DEAR Atty. Gurfinkel:
I was petitioned as “single” by my immigrant (green card) parent in 2011. The priority date is now current, and I am getting paperwork and forms from the NVC to fill out.
I have a live-in partner, and we have a child together. Although we never married, we put a date of marriage on our child’s birth certificate because we wanted to save our child from shame and embarrassment of being illegitimate when he would go to school.
I’ve been getting advice from relatives and friends to not disclose my child on the immigration forms because the date of marriage on my child’s birth certificate will mess up my case. Therefore, I should simply tell the Embassy I have no children.
Is it true that it will mess up my case to declare my child because of the date of marriage on his birth certificate since I’m being petitioned as single? Should I get a late-registered birth certificate from Recto Street showing no date of marriage?
Very truly yours,
I have heard this rumor many times (that a date of marriage on an illegitimate child’s birth certificate will mess up the parent’s case). That is NOT true! Having an illegitimate child, even with a date of marriage on their birth certificate, should not affect the single parent’s eligibility for a green card.
The real problem is when a person who is being petitioned as single, is actually (secretly) married. In that case, they would NOT be eligible for a visa as “single” whether they have children or not, or whether their child’s birth certificate has a date of marriage or not. It is the fact or existence of the marriage that makes the parent ineligible for the visa, not the existence of children.
Even if a single parent has a date of marriage on their child’s birth certificate, the parent could still be eligible for their visa. Not only that, but their child could be included under the petition if the child is still under 21 (or CSPA eligible). What is necessary is to prove you truly are single, and the date of marriage was made up. My office has encountered many cases like that, where the family’s impulse was to process the case without declaring the child. In fact, not declaring the child could actually mess up the case:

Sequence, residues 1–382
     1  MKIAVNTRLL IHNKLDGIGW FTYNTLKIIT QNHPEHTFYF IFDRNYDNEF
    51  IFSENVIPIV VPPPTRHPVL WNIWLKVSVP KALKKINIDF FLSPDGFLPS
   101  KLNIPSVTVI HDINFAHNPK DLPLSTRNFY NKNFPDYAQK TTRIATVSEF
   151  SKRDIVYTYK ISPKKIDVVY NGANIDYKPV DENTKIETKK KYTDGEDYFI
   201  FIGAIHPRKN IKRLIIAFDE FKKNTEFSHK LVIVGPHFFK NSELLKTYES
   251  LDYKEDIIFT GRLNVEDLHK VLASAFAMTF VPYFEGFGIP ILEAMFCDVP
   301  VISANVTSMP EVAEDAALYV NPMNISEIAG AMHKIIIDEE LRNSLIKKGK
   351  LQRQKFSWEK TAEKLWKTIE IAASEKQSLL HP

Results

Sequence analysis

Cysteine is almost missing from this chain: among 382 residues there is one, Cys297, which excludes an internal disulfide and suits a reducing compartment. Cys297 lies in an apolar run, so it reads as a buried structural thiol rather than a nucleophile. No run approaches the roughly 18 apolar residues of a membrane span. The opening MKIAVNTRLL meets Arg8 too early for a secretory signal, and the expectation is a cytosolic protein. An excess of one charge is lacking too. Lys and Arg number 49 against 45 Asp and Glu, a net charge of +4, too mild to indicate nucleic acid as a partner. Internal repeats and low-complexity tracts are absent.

- It would require you to lie, by signing papers stating you have “no children.”
- Later on, if you try to petition the child, the USCIS or Embassy may look back at your file and wonder how it was that when you immigrated you had “no children”, and then later, you have a grown child, who was obviously born before you immigrated.
- When you apply for U.S. citizenship, there are also questions about children. How are you going to fill that out? Continue to lie and say you have no children? Then after you become a citizen, and try to petition the child, your lie will be uncovered that you claimed you had no children.
- Most important, by declaring the child and demonstrating you were truly single, you would be able to bring the child with you.
If you are under petition as single but have an illegitimate child with a date of marriage on the birth certificate, I would recommend that you consult with an attorney who can evaluate your case and straighten things out so you would not be committing fraud and possibly be able to bring your child with you.
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Michael J. Gurfinkel has been an attorney for over 40 years and is licensed, and an active member of the State Bars of California and New York. All immigration services are provided by, or under the supervision of, an active member of the State Bar of California. Each case is different, and results may depend on the facts of the particular case. The information and opinions contained herein (including testimonials, “Success Stories,” endorsements and re-enactments) are of a general nature, and are not intended to apply to any particular case, and do not constitute a prediction, warranty, guarantee or legal advice regarding the outcome of your legal matter. No attorney-client relationship is, or shall be, established with any reader.
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